The ISPs have greatly benefited from this arrangement as well. Increasing user demand and greater amount of available services means users are willing to pay more for increased internet service. If there was nothing worth doing on the internet, consumers would not pay more for greater service. It is because users want to do more that they pay for more. It is because users' willingness to pay for more that ISPs are then motivated to make their own investments into their network infrastructure. Setting aside for now the fundamental flaws in many ISP investment strategies, ISPs profit on user demand.
Taken together, consumers pay for greater internet service to get more content, so they can enjoy more content. This increase in demand prompts CAPs to create more content and make further investments into the network. Consumers, seeing more and better content, demand more content which prompts them to be willing to pay for greater internet service from their ISPs as well as once again signaling to CAPs to further improve and invest. ISPs, seeing consumers willing to pay for greater internet service, invest in their networks to provide that greater service. Consumers get a better experience on the internet, CAPs and the digital economy flourish, and ISPs are rewarded handsome profits. This virtuous cycle built the modern internet and continues to drive its growth and expansion today.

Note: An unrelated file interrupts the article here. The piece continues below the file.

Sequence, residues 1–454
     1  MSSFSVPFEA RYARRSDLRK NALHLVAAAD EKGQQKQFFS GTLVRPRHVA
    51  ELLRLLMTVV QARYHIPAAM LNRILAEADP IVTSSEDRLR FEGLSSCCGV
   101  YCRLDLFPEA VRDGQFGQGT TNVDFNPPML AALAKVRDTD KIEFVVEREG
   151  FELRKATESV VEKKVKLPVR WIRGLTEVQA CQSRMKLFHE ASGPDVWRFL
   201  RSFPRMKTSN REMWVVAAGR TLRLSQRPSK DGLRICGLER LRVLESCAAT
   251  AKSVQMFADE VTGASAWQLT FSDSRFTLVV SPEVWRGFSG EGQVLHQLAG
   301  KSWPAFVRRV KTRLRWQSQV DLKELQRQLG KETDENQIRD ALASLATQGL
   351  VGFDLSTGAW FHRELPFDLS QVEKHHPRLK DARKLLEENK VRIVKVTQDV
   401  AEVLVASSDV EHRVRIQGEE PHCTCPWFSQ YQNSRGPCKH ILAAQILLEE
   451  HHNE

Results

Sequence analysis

There is Nothing Fair About “Fair Share”
What the European Commission is calling “fair share,” therefore, isn’t fair at all. It is blatant double-dipping into a virtuous market cycle that benefited all participants for the last 40 years. More than that, it threatens to break this cycle to the detriment of everyone except the largest ISPs who, by virtue of their size, would receive the lion’s share of the payment. All players in the digital economy from the smallest digital storefront to the largest platforms will have their operating costs increased. Competition in the ISP market will suffer as small and medium-sized ISPs will be forced to pay the largest ISPs for moving their traffic. And as a result of all this, the consumer will suffer a worse and more expensive internet.